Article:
First, we screened the variants using qRT-PCR in 19 cell lines and tissues from 74 patients with gastric cancer. The absolute quantification of four types of CD44 expression variants revealed that CD44v8-10 was the major isoform in gastric cancer cell lines except for MKN-28 (Fig. 1B). CD44s was the second most abundant species, but its expression was not prominent. The expression of CD44v6-10 or CD44v3,8-10 was also detected in gastric cancer cells but it was very low. In comparison, CD44s was the major isoform at the mRNA level in non-gastric cancer cell lines though some cell lines such as JIMT-1 showed CD44v8-10 as the major isoform (Fig. 1B). In non-cancer cell lines including HDF, HMEC, and HEK-293, the overall CD44 expression itself was much lower than that in cancer cell lines, and the level of alternative splice variant isoforms was not significantly higher than that of CD44s (Fig. 1B). When we analysed the CD44 variant expression in normal tumour-paired tissues from patients with gastric cancer (Table 1), CD44s and CD44v6-10 were detected in all normal and tumour tissues (f = 1.000), and CD44v8-10 was detected in 71 out of 74 normal tissues (f = 0.959) and 73 out of 74 tumour tissues (f = 0.986). In accordance with gastric cancer cell lines, CD44v8-10 was the most highly expressed form followed by CD44s (Fig. 1C). These results suggest that the CD44v8-10 splice variant is the major CD44 isoform in gastric cancer and its expression in tumours is much higher than that of other variants. Thus, CD44v8-10 can be used as a potential target for gastric cancer-specific therapies.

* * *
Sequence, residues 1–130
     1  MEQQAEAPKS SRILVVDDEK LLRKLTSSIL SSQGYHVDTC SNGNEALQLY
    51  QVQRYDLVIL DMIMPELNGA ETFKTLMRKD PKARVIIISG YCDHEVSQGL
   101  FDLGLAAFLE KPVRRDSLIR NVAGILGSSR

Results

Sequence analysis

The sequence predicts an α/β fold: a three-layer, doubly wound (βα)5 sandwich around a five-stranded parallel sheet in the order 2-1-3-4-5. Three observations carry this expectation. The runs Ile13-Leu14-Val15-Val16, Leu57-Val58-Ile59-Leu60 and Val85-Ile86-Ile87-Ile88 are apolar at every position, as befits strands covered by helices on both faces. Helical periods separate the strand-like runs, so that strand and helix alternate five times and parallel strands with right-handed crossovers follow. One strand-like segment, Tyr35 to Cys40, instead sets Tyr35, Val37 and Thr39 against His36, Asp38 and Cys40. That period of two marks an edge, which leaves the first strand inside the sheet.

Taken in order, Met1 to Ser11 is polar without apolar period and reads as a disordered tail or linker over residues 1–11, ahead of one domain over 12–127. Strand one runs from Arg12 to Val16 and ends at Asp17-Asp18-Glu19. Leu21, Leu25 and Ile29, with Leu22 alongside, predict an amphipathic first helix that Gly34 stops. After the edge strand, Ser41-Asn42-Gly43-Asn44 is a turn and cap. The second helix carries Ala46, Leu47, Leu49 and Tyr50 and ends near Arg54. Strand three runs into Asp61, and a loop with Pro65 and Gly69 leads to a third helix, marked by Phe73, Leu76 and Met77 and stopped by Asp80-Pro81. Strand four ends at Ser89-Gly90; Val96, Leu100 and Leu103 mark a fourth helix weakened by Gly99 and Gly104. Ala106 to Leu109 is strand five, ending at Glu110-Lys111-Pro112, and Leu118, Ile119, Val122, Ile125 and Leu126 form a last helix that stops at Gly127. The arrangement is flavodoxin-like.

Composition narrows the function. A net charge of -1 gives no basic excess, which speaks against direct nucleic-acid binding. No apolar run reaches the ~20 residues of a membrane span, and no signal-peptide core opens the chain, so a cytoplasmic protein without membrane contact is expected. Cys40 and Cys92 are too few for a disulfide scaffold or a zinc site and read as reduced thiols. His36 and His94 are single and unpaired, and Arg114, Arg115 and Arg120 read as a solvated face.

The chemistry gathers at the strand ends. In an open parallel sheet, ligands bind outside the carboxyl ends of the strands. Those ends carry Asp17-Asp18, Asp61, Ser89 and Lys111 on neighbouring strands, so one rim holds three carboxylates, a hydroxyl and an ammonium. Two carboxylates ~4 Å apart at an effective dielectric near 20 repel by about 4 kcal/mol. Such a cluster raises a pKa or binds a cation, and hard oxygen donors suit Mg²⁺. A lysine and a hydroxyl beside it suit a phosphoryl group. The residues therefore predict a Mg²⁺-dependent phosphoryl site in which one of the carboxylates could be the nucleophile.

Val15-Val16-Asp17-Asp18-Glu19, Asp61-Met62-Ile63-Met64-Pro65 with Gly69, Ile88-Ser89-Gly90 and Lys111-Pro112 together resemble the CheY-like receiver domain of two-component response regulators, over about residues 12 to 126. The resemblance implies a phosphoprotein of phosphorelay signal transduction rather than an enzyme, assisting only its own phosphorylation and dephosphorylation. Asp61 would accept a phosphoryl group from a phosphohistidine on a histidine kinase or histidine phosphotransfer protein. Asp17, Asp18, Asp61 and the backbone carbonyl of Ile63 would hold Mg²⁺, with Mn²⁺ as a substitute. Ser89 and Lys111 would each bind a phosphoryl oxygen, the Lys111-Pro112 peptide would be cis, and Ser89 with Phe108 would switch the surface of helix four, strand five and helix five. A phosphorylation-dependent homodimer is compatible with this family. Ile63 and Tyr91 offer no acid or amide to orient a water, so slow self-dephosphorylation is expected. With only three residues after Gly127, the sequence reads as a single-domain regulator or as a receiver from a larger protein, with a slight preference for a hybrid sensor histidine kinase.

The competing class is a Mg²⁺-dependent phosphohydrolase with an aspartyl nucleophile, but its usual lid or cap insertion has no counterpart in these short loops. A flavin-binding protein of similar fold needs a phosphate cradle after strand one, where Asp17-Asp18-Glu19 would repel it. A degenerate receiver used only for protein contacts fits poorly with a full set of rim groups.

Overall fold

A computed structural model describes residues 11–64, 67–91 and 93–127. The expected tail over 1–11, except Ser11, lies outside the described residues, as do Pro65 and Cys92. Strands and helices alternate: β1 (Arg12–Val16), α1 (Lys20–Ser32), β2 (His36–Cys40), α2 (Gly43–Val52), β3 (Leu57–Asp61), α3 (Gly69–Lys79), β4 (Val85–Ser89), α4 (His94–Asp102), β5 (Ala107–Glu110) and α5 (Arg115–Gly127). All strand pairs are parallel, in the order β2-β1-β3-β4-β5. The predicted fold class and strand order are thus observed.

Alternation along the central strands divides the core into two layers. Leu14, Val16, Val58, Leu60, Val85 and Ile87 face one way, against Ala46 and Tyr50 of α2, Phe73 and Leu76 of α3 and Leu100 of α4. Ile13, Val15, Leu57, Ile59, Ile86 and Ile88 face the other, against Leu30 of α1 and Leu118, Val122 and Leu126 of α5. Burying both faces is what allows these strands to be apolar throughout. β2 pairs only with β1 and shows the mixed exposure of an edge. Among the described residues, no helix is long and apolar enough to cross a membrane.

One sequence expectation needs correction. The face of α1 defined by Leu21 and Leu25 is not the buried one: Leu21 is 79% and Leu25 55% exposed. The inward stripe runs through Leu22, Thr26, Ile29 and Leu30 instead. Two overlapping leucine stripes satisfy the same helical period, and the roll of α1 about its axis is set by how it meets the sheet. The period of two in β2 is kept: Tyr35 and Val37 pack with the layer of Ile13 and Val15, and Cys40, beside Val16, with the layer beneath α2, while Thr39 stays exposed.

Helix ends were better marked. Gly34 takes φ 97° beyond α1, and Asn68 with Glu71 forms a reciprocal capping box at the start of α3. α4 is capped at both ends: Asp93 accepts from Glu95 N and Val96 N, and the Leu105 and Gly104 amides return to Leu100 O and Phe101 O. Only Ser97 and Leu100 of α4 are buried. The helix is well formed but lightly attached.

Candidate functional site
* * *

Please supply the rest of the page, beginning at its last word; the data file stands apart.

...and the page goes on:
Table 1 Clinicopathological information of 74 advanced gastric cancer patients.

Anti-CD44v9 antibody conjugated with near-infrared (NIR) fluorophore recognizes the CD44v8-10 expressing cells in tumours